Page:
A trill is a melodic embellishment produced by rapidly alternating two notes a step or semitone apart. The effect closely resembles the way that speakers of certain languages roll their R’s (always with great gusto), which is also called a trill (or to linguists, “trilled rhotics”).
The bottom note of a trill is always the “main” note, making the top note the “embellishing” note.
In melodic figuration, the name “Trill” refers to a slow-motion version of the ornamental action of alternating two notes.
Some birdsong contains trills. The following description comes from the opening page of Eight Cousins by Louisa May Alcott. Notice how the variety of melodic “figures” she mentions parallels the way trills incorporate themselves into human melodies.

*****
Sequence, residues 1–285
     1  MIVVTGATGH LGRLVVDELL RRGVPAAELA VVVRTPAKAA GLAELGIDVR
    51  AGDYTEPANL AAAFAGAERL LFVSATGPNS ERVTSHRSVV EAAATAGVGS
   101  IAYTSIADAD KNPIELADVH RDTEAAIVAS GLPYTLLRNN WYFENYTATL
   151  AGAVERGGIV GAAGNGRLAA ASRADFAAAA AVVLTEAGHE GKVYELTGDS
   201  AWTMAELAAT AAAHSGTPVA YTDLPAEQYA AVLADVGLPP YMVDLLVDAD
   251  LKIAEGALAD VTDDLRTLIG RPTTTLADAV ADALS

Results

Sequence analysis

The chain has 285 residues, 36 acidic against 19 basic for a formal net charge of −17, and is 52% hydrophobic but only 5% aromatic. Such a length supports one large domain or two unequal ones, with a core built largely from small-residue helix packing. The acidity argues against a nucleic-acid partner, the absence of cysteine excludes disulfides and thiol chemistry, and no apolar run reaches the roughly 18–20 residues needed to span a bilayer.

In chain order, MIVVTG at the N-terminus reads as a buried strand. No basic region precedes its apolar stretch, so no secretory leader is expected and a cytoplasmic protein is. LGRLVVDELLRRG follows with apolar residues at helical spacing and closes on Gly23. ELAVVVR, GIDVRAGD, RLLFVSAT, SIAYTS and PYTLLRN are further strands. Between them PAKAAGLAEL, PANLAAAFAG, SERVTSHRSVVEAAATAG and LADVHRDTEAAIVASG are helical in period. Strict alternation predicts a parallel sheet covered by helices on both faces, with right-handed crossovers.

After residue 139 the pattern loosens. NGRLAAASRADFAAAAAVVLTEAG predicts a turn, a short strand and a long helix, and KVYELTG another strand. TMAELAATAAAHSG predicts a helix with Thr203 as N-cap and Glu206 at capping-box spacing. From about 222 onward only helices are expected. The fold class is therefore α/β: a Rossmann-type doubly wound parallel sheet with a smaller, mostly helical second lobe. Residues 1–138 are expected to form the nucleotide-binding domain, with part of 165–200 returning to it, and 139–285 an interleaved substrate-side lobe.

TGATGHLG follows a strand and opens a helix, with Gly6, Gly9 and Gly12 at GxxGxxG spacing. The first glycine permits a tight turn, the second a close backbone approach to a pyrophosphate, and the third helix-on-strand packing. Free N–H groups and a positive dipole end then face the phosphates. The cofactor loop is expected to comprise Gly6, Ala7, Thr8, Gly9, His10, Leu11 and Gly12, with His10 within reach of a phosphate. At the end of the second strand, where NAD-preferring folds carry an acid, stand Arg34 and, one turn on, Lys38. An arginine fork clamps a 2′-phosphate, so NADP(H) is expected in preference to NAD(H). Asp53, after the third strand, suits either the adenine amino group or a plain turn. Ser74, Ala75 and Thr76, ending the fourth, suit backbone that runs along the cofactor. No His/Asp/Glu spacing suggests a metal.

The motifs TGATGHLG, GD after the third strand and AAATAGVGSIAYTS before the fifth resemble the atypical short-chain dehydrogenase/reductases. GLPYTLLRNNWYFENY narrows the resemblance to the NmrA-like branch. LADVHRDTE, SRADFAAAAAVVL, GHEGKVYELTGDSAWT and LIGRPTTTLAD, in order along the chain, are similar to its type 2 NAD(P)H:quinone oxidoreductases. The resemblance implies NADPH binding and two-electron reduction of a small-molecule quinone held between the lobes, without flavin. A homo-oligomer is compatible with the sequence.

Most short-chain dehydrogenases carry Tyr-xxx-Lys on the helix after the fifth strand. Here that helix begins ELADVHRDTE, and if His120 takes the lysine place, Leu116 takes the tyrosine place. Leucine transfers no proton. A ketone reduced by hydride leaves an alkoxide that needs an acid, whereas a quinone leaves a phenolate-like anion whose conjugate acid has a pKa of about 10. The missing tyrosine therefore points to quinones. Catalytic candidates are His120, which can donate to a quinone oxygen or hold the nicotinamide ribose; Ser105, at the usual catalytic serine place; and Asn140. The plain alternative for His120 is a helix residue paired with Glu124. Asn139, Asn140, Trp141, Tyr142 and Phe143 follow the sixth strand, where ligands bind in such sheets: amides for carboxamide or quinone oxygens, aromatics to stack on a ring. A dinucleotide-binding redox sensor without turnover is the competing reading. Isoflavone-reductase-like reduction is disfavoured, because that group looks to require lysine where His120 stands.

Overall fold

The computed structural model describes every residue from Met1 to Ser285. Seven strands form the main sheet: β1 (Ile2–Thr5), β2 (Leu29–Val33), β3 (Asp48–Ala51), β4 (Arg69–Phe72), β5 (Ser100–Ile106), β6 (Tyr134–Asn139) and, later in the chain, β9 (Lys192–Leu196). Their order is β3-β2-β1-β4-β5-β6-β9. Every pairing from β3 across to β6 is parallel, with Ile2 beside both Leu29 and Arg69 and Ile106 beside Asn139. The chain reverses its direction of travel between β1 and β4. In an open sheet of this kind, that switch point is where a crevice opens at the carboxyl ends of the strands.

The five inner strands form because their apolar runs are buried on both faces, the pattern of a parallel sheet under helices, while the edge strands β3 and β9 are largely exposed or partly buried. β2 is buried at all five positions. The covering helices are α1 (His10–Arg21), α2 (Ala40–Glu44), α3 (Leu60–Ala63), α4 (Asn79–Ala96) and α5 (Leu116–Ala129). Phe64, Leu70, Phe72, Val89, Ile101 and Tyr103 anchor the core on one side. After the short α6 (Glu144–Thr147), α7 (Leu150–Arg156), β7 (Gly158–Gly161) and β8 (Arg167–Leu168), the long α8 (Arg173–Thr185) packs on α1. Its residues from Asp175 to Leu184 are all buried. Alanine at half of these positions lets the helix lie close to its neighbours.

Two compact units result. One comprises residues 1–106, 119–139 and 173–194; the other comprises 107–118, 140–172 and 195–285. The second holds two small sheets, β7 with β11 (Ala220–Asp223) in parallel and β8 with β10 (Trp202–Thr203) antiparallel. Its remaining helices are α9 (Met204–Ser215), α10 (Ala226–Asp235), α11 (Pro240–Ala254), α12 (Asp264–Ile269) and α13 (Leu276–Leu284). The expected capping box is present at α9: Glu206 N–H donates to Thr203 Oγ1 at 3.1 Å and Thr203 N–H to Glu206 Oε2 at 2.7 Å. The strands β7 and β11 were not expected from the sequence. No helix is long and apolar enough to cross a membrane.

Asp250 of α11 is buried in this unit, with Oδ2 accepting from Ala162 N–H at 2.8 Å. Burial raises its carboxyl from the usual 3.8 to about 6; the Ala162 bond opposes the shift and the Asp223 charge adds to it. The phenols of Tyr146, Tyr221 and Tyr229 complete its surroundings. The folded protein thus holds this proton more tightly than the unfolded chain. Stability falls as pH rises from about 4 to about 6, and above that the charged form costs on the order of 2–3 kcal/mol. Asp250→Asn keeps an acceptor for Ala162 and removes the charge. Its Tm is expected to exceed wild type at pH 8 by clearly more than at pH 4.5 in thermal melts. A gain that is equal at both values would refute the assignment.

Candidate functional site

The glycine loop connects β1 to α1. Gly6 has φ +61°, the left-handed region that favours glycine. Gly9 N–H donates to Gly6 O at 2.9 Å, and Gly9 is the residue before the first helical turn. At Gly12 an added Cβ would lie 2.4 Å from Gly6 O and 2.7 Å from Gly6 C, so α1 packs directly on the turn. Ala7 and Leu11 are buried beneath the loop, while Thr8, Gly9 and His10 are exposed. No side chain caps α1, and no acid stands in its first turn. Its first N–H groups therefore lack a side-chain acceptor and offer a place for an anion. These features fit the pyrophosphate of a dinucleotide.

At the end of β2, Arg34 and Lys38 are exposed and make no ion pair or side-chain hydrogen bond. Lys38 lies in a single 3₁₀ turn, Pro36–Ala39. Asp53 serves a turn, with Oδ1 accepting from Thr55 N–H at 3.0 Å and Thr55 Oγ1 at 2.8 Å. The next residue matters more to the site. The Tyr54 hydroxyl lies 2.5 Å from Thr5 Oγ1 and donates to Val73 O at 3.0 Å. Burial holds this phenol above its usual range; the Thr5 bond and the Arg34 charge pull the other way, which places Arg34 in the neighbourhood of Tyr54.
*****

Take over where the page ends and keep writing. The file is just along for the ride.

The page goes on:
Before she had time to squeeze out a single tear a sound broke the stillness, making her prick up her ears. It was only the soft twitter of a bird, but it seemed to be a peculiarly gifted bird, for while she listened the soft twitter changed to a lively whistle, then a trill, a coo, a chirp, and ended in a musical mixture of all the notes, as if the bird burst out laughing.
synonyms: warble, oscillate, alternate, shake,